This week’s testimony by Gen. David Petraeus and Ambassador Ryan Crocker seemed to ensure that President Bush would be able to fend off critics in Congress, and maintain current troop levels in Iraq through the November election. (Reuters)
What the commentators said
“A lot could happen between now and November,” said Rosa Brooks in the Los Angeles Times (free registration), “but at the moment, the Democrats appear poised to retake the White House and consolidate control over both houses of Congress.” And “the primary driver of Democratic good fortune has been the Iraq war.” Every day, more Americans regret the decision to go to war, President Bush’s approval ratings are plummeting, and, “as Petraeus acknowledged this week, there’s no end in sight.”
Most Americans indeed think it was a mistake to invade Iraq, said Michael Gerson in The Washington Post (free registration), but a candidate’s initial position on the war isn’t what matters in the presidential campaign. “Young” Barack Obama thinks Iraq will be a winner for him because he can focus on “the failures of the past.” But Americans are more likely to decide that “the older man,” John McCain, “by insisting on victory, is more responsible and realistic about the future.”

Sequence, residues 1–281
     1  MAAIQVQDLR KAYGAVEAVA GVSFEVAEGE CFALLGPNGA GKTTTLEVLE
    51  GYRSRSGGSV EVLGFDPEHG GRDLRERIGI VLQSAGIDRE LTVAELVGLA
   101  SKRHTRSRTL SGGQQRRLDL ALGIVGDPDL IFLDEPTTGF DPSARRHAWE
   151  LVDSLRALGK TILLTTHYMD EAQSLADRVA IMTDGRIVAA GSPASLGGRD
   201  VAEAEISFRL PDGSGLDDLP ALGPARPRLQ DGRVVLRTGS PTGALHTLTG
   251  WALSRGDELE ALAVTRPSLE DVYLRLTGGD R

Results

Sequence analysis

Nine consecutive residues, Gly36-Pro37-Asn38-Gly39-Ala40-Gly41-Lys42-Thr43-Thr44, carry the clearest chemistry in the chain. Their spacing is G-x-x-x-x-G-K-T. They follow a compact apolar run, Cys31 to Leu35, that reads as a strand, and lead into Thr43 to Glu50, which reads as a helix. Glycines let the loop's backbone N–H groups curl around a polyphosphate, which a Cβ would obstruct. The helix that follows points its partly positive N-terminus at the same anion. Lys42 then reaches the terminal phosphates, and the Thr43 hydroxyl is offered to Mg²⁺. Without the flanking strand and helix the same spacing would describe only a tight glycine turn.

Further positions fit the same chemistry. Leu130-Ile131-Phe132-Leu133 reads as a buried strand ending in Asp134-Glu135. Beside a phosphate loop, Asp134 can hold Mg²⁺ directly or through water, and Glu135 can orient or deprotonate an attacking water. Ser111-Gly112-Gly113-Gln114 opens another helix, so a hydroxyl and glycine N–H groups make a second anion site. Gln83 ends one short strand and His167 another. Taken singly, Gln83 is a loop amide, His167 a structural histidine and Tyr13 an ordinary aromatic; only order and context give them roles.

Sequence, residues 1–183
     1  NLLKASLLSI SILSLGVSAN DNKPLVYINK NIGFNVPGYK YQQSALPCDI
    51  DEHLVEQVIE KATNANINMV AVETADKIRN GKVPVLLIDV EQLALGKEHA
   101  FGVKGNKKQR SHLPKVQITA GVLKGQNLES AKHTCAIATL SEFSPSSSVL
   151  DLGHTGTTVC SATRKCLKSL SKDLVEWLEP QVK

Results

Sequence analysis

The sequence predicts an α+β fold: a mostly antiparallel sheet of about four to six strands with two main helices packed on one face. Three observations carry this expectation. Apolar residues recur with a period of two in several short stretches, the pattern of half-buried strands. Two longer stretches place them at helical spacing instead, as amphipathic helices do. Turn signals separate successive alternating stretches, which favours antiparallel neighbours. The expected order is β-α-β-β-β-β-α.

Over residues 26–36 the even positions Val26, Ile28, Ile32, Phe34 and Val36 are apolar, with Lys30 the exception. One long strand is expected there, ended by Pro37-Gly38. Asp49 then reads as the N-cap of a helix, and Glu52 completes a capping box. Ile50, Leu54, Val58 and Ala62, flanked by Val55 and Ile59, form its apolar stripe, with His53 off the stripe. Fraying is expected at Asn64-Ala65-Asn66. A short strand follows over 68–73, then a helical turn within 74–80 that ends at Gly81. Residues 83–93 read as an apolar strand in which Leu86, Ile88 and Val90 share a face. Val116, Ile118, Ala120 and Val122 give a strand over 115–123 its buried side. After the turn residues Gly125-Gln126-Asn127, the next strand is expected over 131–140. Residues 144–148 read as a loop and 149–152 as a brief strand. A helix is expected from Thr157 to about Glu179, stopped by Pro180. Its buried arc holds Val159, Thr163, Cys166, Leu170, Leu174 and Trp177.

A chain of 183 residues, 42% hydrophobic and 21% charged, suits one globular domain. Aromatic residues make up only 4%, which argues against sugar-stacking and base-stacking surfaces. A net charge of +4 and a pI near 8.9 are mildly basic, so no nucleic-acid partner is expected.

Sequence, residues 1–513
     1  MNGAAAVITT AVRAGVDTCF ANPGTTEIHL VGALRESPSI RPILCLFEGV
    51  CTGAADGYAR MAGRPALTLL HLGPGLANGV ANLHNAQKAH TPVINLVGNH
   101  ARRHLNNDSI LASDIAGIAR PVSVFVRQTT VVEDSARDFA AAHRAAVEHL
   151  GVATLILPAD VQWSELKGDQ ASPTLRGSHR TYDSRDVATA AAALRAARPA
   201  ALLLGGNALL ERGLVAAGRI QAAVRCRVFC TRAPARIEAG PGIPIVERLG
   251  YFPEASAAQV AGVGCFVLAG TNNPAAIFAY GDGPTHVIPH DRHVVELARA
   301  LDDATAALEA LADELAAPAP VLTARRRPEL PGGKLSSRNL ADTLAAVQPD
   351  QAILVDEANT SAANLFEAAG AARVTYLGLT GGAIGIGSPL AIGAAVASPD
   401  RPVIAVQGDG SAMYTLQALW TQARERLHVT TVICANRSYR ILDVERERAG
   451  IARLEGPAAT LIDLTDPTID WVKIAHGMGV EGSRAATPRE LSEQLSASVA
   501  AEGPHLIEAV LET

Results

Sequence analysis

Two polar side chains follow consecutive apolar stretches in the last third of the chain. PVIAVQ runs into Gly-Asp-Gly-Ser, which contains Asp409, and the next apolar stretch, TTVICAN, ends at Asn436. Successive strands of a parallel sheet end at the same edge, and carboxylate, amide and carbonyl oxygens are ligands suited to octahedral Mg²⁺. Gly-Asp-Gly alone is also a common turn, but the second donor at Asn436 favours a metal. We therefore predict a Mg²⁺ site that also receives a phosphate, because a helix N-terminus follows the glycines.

Actually, everyone has an Iraq problem, said Noam Scheiber in The New Republic’s The Stump blog. “McCain’s problem is obvious: The war has become spectacularly unpopular,” and his fortunes in November will be tied to the situation over there. But “Obama and Clinton have the converse problem: Politically, their Iraq position is a real advantage. But the position is substantively incoherent: They want to withdraw most of our troops” relatively soon, “and, as Obama suggested, leave behind the kind of messy but semi-functional status quo we have now.” But pulling out is hardly the way to maintain the status quo.